My other children were five and three when J.T. left. How was I going to make this OK for them? How was I going to get them through this? Why do they, at such young ages, have to deal with this? My three year old lost his best friend that day. He kept running to the door expecting J.T. to come home any minute. At three, just don’t get the concept of death. Anytime the garage door opened or the doorbell rang (which was often since we had people in and out) he would run and say, “J.T.’s home! J.T.’s home!” It tore my heart wide open each and every time. Not only did it tear it open because of my pain, but also because of my son’s pain. Having to explain again that J.T. would not be coming home, his body died and he can no longer use it just wasn’t getting through. I didn’t make sense to me. How was it going to make sense to a three year old?! It’s so unfair, I would think. How is this ever going to be OK for him? It’s just not fair. I get a little chuckle out of that last sentence. J.T. used to say that all the time. He always thought his brother and sister got more fairness than he did. I’m sure he’s laughing right now.

J.T.’s sister was suddenly the oldest living child. I know that weighed heavily on her. She was the invisible middle child, and then suddenly, she was very visible. She tried so hard to fill her older brother’s shoes. She really took so much on as her own when it really wasn’t. I was very concerned about her – she seemed to bury her grief because she didn’t want me to see it. She felt if she was strong for me, I would be alright. At five years old, you should not have to be strong for anyone! Convincing her she didn’t have to be the family rock was a feat. I would open a little of grief in front of her just to give her the opportunity to cry also. When she would cry, I would tell her that crying is good. It releases stress and hormones and other chemicals that weigh the body down. Little by little, she felt more at ease with crying.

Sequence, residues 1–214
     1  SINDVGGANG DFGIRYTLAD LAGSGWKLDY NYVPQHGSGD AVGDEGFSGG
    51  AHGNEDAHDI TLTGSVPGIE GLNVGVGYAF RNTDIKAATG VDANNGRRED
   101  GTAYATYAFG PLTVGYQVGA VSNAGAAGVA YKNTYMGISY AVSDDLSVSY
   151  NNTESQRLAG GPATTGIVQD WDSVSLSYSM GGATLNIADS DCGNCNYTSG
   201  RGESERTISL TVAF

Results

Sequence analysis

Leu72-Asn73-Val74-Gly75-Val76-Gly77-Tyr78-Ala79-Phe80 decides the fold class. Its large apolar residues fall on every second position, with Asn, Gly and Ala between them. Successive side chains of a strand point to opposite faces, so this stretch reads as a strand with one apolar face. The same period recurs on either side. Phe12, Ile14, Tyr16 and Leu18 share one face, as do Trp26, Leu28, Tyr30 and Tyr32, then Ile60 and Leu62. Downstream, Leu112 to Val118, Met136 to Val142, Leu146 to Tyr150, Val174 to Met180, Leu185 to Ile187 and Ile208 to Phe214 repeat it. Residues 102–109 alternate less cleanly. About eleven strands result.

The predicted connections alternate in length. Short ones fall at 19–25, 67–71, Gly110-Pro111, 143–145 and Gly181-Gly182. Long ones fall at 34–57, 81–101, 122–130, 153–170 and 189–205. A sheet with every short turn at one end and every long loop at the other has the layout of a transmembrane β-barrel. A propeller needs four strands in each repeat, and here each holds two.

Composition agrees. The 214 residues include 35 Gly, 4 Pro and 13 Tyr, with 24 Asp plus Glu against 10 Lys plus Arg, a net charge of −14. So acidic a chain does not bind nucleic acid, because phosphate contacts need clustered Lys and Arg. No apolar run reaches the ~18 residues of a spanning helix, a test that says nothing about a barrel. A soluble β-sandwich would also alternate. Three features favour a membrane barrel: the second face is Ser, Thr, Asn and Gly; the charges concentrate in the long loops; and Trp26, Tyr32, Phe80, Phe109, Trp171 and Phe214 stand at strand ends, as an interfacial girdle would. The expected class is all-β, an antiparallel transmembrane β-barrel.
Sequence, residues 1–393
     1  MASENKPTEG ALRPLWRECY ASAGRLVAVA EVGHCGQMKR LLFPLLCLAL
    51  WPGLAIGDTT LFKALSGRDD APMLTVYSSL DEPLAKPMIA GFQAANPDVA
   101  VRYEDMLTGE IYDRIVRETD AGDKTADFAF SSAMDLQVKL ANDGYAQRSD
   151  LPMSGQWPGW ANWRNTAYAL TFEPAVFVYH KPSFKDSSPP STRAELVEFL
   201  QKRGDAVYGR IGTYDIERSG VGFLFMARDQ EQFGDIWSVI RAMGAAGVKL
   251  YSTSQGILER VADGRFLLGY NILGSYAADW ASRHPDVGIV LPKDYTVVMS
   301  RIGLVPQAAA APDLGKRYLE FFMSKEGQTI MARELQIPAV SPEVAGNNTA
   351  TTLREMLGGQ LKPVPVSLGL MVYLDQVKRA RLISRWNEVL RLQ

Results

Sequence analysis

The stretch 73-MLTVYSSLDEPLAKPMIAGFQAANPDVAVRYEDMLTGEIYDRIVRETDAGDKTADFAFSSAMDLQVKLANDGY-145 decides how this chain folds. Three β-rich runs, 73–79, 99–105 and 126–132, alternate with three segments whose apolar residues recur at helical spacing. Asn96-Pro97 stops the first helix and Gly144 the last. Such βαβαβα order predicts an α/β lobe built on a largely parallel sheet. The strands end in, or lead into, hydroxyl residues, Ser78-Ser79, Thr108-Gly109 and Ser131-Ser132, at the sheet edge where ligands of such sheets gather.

I found at the same time, though, I needed to limit showing my grief in front of my children. All the advice I got was the same – let your children see you grieve. This is true to a point. There is a point at which you have to let your intuition tell you enough is enough. That point for me was one day at the cemetery. I took my daughter with me. She wanted to come. I started to cry. She sat in my lap. I asked her a question…not sure why I did, but I’m glad I did. I asked, “you know I love you, don’t you?” She said, “No, I don’t” I was a bit shocked. I asked, “Why not?” She replied, “Because you don’t cry for me like you do J.T.” I was stunned. So all the grief I had shown her for her brother made her think I loved him more. If I loved her, I would be crying for her, too. You can’t really explain to a five year old, “Well, you’re not dead, honey, so that’s why I’m not crying for you.” That makes no sense at all! I realized right then that there is such a thing as showing a child too much grief. It very much depends on the child. I did not “eliminate” my grief altogether, but I did parcel it out in little chunks for them. I spent a lot more time at the cemetery alone so I could mourn without feeling like I was under the microscope. Cemeteries are great places to let it out. No one expects you to be happy there. No one expects you to “move on” there. No one expect that you won’t scream, cry, stomp, have a tantrum or curse God there. It is a very good place to mourn.

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